The confusing and complex interplay of factors leading to "cor pulmonale" may be somewhat clarified if the effects of excessive pulmonary hypertension causing right heart overloading ("pulmonary hypertensive heart disease") are separated from the ventilatory defects that result in arterial desaturation, erythrocytosis, and moderate pulmonary hypertension ("emphysema heart"). In the former group, heart failure dominates the clinical picture; in the latter, it is assumed that heart failure occurs on the basis of a "myocardial factor"—presumably arteriosclerotic heart disease—whose manifestations are colored and modified by the coexisting and contributing respiratory dysfunction. Overlapping of these two distinct forms occurs frequently, and pulmonary hypertension may be severe enough to be the chief precipitating cause of failure in emphysema, particularly in young subjects and in patients with kyphoscoliosis. Respiratory disturbances, fibrosis, and loss of pulmonary elasticity may accompany heart failure secondary to right ventricular overloading which may ultimately lead to significant arterial desaturation at rest and the development of polycythemia, even in this group. It is typical, however, that the disturbances leading to cor pulmonale rarely, if ever, involve the actual pulmonary function of alveolar-capillary gas exchange; they are confined to the abnormalities of the precapillary pulmonary vasculature and to the mechanical apparatus of the chest cage and of the pulmonary parenchyma concerned with breathing mechanisms.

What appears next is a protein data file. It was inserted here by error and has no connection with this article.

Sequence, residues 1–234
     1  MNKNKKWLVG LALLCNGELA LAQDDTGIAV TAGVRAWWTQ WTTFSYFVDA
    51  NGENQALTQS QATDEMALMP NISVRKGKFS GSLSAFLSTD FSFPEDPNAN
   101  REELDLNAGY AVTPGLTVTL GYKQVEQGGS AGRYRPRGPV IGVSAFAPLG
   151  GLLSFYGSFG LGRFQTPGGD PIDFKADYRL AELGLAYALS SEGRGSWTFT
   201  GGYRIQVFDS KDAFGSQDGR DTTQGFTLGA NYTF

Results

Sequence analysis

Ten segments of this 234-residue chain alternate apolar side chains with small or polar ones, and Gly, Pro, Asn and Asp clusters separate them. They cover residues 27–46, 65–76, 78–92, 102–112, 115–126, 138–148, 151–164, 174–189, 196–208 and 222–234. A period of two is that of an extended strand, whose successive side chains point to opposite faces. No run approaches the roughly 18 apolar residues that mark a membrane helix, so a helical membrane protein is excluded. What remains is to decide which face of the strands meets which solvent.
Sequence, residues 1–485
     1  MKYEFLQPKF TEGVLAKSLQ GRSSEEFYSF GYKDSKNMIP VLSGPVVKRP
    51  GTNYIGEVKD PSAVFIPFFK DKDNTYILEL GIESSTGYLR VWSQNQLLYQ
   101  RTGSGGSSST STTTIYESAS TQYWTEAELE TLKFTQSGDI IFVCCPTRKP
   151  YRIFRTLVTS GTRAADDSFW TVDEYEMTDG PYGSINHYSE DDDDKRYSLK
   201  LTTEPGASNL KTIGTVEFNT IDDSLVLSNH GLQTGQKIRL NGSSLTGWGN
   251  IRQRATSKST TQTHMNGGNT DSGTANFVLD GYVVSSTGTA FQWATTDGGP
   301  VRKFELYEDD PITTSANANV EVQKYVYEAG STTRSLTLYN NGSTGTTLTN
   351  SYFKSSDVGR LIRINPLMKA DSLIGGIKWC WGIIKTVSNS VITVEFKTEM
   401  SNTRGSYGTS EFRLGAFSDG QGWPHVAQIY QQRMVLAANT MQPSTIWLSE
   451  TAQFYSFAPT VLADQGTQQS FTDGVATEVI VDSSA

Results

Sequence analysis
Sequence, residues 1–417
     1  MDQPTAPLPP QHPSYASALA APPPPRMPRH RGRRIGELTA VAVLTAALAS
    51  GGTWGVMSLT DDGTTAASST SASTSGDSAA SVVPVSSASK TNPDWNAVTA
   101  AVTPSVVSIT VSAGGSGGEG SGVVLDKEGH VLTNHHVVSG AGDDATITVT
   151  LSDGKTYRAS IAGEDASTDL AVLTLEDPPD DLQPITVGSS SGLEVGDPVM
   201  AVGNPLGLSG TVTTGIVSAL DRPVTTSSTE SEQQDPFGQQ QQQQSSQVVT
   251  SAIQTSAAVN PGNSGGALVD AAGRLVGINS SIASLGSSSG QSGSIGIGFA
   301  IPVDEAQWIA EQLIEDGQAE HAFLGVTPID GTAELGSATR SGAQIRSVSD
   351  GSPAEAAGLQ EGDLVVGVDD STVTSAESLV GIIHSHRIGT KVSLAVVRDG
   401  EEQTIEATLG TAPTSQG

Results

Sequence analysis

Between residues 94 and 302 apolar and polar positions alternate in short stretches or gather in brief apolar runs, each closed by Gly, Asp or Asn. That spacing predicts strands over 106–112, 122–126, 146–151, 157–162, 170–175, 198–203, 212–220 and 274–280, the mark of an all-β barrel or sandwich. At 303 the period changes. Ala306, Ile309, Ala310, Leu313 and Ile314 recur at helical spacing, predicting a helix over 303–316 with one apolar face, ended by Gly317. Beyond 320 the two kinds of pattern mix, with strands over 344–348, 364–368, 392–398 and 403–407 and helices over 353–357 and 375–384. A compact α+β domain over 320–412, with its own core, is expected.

Pulmonary hypertensive heart disease, whatever its cause, has a monotonous symptomatology that is dominated by the signs of heart failure. In cor pulmonale due to emphysema and its allied types, the clinical picture is varied, and oxygen deficiency with arterial desaturation is of central significance. It raises pulmonary artery pressure by a mechanism not fully understood, and it stimulates erythropoiesis. When erythrocytosis has occurred, heart failure from cor pulmonale will soon make its appearance. Unless the arterial oxygen content falls sharply on exercise, resting oxygen saturation values in excess of 80 per cent do not cause this type of polycythemia; nor does polycythemia as such, as in erythremia ("vera"), result in significant arterial desaturation, pulmonary hypertension, or heart failure. However, little is known concerning the hemodynamic load imposed by an increase in blood viscosity.
The management of cor pulmonale must recognize the multiplicity of factors that are concerned and should weigh their relative significance in any given subject. The kaleidoscopic appearance of cor pulmonale requires flexibility of therapy based on a grasp of the individual pathophysiologic interrelations, which may differ from patient to patient.
- © 1956 American Heart Association, Inc.